I couldn't decide if was going to do an "in a vase..." post this week or not, there are so many other things competing for my attention...
For instance I keep meaning to do a "state of the garden" post, but every moment that I should be photographing I am instead working, and you've got to have the right mindset to actually stop and take pictures of death and destruction. It's not as easy as reporting on moments of beauty. Difficult decisions are being made left and right. "It looks like hell, but it might be alive" (trash it in a moment of weakness, or let it struggle a little bit longer?).
Towards the end of last week I made two difficult decisions. One of which resulted in material to kick start this week's vase, the other will be put off as long as possible, in hopes of enjoying future Magnolia (gasp) blooms, in a vase.
This is the only photo that shows the Lupinus albifrons before it was (heartlessly) cut back. And since I wasn't focusing on it, but rather that sad Magnolia laevifolia, you probably can't even see it.
Here's a booster...it's circled.
And cropped (bad photo alert!). Whatever. I hated it's long bare stem, and it had to be held upright with rebar and twine, or else it flopped over the Astelia next to it. I cut off all that luscious silver foliage. At least it's being used in a vase, and I am hopeful the stem will sprout. If not, well then I'll have learned my lesson.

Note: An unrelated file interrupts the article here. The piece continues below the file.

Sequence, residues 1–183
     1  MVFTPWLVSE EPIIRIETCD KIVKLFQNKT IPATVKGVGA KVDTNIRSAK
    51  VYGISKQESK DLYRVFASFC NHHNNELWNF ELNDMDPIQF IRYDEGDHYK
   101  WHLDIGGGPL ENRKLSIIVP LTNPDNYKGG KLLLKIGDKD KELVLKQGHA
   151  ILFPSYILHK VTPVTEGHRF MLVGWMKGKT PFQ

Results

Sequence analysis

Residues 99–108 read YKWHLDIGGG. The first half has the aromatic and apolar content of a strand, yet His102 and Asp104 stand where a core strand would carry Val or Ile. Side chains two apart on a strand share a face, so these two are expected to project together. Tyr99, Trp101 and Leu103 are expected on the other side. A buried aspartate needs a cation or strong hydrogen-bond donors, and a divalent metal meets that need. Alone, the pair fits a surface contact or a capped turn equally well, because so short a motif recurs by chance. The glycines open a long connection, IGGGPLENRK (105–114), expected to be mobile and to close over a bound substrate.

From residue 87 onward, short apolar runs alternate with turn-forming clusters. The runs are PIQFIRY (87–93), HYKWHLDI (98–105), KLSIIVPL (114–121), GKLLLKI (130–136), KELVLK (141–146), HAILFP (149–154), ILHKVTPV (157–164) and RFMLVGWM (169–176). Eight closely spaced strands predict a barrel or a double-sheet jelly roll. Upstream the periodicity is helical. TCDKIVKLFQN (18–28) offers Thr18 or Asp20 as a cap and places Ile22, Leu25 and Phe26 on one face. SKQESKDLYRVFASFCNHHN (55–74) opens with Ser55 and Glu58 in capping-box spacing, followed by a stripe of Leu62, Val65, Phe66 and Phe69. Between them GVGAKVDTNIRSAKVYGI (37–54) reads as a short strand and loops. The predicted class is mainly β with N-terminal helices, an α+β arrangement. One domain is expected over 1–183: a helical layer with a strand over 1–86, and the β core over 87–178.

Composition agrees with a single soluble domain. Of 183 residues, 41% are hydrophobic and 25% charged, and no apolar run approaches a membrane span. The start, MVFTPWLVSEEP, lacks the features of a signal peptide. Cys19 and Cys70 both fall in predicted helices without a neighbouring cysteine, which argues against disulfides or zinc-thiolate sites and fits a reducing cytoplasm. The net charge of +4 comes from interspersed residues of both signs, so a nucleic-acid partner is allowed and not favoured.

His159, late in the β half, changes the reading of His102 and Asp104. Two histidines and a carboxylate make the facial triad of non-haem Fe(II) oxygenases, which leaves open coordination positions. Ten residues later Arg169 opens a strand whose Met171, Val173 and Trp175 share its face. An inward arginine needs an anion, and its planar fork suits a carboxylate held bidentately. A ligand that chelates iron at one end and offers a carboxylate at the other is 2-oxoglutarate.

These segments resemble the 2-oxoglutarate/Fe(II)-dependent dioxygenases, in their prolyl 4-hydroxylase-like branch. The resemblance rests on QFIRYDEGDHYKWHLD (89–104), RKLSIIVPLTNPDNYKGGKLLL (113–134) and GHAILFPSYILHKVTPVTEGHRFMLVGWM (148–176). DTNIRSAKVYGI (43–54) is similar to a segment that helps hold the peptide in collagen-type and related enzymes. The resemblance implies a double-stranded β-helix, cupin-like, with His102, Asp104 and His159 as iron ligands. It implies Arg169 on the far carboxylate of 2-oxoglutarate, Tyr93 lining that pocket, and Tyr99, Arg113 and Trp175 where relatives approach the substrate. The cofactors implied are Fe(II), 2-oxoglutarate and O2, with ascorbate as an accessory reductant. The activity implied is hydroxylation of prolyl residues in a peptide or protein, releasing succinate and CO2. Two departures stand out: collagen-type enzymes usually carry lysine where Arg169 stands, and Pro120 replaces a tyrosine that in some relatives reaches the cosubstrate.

So about that Magnolia. It was severely abused with the snow and ice that hit the garden this winter. In trying decide how to get it upright again (the bamboo only worked for about a week) I spent a lot of time looking at it.
And the more time I spent looking at it I realized it was not well placed. It was detracting from the garden as a whole, rather than adding to it.
I limbed it up, thinking that would make me feel better about it.
Instead it just made me want to get rid of it all together.
Damn. I know it's the right decision but it still sucks. I love this little tree!!! I will try to dig it out to rehome it but I don't think I can get enough roots. Second best option is to wait until it's blooming and at least use the flowers in an arrangement. A sort of sweet goodbye. Luckily I do have another Magnolia laevifolia in the garden so I will still be able to enjoy the flowers, just not the flowers on this plant.
But, time for happier things. The Lupinus albifrons ended up in a vase. Along with bits of Euphorbia rigida, χ Fatshedera lizei ‘Annemieke’ and seedy pods from Fatsia japonica 'Variegata'...
It's a little lop-sided but I love the colors.
On the far end of the mantle Brachyglottis greyi (aka Senecio greyi) cuttings from weeks ago are still going strong. I added a Fatsia japonica 'Variegata' leaf just to keep the color palette going from one end to the other.
The Euphorbia are such a powerful blast of color...
Can't have too many of these.
The main attraction again.
The silver Lupine.
Ya, like I said. Can't get enough.
There's also a newly completed piece of Andrew's artwork on display. The text for the figure on the far left reads "day-long endeavor" and yes, that's a bottle.
Moving to the right, "cactus fruit harvest" and the figure has a tray of Opuntia fruit on her head.
At the far right a figure reclines in a pool "cooling with eels" and the bulb figure is "dark edison at rest"...
There's one more arrangement at the end, which repeats the ingredients seen before.
Lupinus albifrons, Euphorbia rigida, χ Fatshedera lizei ‘Annemieke’ and seedy pods from Fatsia japonica 'Variegata'.
As always visit Cathy at Rambling in the Garden for links to other bloggers sharing their vase creations this Monday.
Weather Diary, March 26: Hi 50, Low 44/ Precip .65"
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